Letter to Christian Working Mothers

Yet, another article that is beautifully written has been marred by comments by the followers of God. The beginning of this article really spoke to me as a working mom and if you are one, you should read it. Here’s the perfect example of having agreements with those who are in the church about other things besides religion. 

However, there comes a side effect of the religious undertones of articles written like this. Marred in the comments are ‘well meaning’ Christian women who think they know what it’s like to be inside someone’s life. They use “God’s words” to make their veiled guilt-ridden comments and they use “God’s words” to throw a little judgement and a pinch of righteousness into an already guilt-ridden and emotional mother’s mind.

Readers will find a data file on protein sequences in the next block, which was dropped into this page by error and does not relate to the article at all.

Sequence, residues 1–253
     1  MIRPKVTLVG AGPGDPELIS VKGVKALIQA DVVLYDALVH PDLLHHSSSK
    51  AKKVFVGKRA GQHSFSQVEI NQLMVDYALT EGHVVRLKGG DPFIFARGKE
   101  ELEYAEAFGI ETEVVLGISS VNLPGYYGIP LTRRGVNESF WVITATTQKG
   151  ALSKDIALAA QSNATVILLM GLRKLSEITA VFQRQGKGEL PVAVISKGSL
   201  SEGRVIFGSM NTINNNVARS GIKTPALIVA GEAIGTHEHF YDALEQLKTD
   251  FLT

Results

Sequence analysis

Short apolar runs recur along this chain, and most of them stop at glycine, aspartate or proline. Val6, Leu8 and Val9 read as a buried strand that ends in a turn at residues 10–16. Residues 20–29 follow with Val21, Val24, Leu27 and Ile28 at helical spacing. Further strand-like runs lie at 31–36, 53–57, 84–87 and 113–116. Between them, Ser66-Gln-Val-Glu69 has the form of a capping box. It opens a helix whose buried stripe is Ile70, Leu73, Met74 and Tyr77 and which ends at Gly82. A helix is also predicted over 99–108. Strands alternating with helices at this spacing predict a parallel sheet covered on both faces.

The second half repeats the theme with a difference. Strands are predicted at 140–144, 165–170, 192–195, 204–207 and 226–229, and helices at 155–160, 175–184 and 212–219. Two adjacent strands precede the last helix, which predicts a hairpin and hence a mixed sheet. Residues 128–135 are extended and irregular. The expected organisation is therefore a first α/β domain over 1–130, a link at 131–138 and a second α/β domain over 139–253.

My heart goes out to those women who are shackled to the fear that their decision for their family is somehow inferior to those around them. This post is for you.

Dear Christian Working Mother,

I have known that guilt you feel. People tell you the guilt you feel is God’s way of telling you that you may be doing something wrong. Other Christian women are coming forward to tell you how your decision to work outside the home, may not be a good fit – and you shouldn’t ignore that guilty feeling in your gut.

Let me tell you something, ladies, working mothers feel guilt. It doesn’t matter if you are Christian or Atheist. It doesn’t matter if your child is newborn or young adult. A mother’s instinct is to care and nurture her child with her own two hands. To foster and delight in your child’s learning and teach your child the ways of your beliefs or non-beliefs.